Conducting Online Research How to Locate and Evaluate Internet Resources Can you search effectively? Many people know a lot about technology but NOT a lot about how to search the Internet! Do I know how to be a good, efficient searcher? Considerations: 1. Am I using the best source?
How to Locate and Evaluate Internet Resources
Many people know a lot about technology but NOT a lot about how to search the Internet!
1. Am I using the best source?
2. What do I know about Internet research?
and you get
no results at all?
Usually, people use search terms that are too broad. This will produce too many results that are not relevant to your topic.
You must provide a word or set of words that will enable a computer to find matches, or “hits.”
What are the effects, if any, of televisionviolence on children?
AND OR NOT
Art AND college
Art AND school
This will find records pertaining to art colleges and art schools.
Teens involved in car accidents – search for – Teens OR adolescents AND car accidents
Using OR between search terms
Assignment – Research dolphins, their habitat, physical characteristics, etc.
Dolphins NOT Miami
Tell the computer to look for two or more words together:
“Red River Valley”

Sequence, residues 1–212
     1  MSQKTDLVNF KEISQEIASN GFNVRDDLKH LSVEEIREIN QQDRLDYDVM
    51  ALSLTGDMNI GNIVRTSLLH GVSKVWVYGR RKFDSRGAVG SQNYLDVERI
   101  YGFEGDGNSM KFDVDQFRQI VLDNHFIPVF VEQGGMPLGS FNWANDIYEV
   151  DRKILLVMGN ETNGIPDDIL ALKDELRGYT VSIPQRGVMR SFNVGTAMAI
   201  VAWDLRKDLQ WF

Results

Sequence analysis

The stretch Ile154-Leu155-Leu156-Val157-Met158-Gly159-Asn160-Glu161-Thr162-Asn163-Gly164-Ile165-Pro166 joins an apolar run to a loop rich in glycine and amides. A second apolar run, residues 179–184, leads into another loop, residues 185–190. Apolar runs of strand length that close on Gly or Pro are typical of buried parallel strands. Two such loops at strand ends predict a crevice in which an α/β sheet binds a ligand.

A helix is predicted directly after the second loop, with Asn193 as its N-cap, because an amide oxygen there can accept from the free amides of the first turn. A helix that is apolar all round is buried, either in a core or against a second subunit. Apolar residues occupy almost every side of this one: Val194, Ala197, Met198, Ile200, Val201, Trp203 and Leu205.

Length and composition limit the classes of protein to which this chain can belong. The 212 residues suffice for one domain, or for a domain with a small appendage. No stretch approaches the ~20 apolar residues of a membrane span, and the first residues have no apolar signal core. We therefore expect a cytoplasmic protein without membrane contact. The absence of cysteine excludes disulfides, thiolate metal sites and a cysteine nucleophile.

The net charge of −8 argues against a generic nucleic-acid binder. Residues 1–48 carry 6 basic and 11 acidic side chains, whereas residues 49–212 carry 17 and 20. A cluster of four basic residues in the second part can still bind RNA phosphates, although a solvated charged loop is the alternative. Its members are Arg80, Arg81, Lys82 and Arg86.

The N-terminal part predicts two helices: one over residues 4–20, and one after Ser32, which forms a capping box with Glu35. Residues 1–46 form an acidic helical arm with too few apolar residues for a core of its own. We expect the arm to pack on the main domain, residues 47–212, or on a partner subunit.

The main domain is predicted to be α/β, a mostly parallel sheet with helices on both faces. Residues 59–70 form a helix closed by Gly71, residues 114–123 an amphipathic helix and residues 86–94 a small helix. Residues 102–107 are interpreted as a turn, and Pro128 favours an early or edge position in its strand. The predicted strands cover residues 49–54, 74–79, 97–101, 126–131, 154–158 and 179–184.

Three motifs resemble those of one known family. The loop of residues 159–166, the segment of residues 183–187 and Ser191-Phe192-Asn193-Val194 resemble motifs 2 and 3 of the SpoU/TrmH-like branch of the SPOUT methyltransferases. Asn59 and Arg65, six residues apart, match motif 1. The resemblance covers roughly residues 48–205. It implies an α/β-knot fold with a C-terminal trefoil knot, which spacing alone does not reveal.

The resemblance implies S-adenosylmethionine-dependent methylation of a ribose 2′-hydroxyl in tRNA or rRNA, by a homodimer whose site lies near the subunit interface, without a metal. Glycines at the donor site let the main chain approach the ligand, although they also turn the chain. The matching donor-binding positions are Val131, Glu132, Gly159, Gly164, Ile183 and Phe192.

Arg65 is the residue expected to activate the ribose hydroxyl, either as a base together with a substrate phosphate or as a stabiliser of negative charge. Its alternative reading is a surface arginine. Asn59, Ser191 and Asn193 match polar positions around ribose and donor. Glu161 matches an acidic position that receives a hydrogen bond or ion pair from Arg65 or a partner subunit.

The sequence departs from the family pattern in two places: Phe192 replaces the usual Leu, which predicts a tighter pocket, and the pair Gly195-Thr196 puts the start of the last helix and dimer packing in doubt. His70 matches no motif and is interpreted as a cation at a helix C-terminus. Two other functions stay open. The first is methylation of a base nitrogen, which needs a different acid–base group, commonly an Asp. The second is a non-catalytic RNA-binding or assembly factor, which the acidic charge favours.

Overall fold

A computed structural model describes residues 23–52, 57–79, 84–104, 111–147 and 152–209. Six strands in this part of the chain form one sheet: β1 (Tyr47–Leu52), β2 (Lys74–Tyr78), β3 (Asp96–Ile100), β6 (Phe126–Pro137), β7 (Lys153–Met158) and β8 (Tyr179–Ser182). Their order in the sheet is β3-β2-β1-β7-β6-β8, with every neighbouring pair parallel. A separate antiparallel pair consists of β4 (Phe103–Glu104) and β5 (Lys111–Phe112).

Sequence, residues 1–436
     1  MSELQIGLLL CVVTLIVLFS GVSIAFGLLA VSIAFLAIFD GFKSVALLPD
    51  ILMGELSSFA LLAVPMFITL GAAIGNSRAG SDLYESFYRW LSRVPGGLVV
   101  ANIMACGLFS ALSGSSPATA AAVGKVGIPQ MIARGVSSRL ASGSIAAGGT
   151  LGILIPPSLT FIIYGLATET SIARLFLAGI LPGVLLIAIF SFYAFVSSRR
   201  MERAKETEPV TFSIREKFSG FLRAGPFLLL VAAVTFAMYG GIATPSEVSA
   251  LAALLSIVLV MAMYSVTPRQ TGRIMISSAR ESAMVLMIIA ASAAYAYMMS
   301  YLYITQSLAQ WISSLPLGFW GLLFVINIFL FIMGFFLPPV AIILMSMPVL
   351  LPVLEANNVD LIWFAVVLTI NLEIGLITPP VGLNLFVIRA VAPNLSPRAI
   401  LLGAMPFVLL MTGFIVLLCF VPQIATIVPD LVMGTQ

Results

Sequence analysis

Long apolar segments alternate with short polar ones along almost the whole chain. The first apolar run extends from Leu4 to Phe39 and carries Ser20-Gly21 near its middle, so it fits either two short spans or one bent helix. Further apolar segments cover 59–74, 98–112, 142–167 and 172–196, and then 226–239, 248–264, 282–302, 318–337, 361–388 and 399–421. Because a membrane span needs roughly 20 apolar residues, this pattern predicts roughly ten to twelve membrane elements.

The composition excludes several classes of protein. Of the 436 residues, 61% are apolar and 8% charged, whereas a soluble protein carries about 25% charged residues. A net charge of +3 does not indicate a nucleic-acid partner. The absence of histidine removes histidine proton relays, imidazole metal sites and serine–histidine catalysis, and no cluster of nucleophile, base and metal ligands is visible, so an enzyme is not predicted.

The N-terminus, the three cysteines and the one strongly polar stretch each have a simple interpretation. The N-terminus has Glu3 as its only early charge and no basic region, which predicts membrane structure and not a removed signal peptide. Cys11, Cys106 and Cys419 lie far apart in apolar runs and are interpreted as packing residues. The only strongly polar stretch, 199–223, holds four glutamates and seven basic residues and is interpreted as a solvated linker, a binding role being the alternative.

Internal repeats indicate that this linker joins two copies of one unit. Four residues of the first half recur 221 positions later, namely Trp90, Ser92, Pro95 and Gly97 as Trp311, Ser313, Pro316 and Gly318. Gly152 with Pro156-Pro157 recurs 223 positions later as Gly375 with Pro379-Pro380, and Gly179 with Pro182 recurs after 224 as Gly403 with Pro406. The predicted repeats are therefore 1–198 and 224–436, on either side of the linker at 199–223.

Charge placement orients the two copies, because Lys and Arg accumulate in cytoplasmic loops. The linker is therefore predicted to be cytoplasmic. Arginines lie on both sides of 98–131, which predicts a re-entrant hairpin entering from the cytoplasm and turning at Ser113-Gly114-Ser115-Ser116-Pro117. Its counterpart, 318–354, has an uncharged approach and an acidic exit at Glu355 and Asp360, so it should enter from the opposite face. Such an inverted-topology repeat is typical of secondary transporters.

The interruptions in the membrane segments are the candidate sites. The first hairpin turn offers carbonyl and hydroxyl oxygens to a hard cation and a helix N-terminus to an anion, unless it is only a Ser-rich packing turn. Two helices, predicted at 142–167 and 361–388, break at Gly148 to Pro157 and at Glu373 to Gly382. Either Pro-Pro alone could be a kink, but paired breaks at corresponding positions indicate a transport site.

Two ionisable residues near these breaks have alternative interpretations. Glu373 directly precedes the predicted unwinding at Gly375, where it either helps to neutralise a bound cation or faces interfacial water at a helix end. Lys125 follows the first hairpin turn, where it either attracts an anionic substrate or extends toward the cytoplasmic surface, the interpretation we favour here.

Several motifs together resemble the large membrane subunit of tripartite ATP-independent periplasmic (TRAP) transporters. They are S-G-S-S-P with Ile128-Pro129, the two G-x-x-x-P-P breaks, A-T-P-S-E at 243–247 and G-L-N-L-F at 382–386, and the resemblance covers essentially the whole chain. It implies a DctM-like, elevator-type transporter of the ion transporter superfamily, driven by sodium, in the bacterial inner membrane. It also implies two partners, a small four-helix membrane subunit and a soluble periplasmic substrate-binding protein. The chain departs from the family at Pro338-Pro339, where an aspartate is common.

“Red River Valley of the North”
Search StringA search string is one word or a string of words that you ask a Search Engine to use so it can find that specific piece of information online.
you will save time…
and be more successful in obtaining the results you need!
Before clicking on the link, look to see if it is a personal page. Check out the domain name or the “dots”:
.gov = Hosted by a U.S. government agency
.com = For-profit business, personal sites
.edu = Educational organization
.org = Nonprofit organization
.net = Hosted by a network
.biz = Business site (newer than .com)
.ac = Academic organization (outside the United States)
~ = personal webpage
C – Credibility
A – Accuracy
S - Support
Misspellings, faulty links, messy appearance
Out-of-date or undated information, expired links, inaccurate or overly generalized information, biased information
Manipulative or emotional language, one-sided information, a conflict of interest between the source and the objectivity of the information.
Lack of documentation of claims, information that contradicts other reliable sources of information, positions on issues that you already know to be faulty.
Cite your sources, clip art, photos. Give credit where credit is due!
The media center has baskets with Cite Slips that you can use to document.
You can also find sites online that document for you –
If you are on MySpace, consider making your page private. Never put personal information on the Internet – such as where you attend school or where you live. This could be very dangerous. It is best to keep your personal information private to everyone in the cyberworld. You never know who you are really “chatting” with!
Hunt You Down???
When searching the Internet, use keyword searches to access the fastest, most relevant results.
Look at the “dots.” What type of webpage is it?
Use the C.A.R.S method to evaluate the page – Credibility, Accuracy, Reasonableness, Sources
Document your information
Use safety and good, ole’ common sense when working or playing online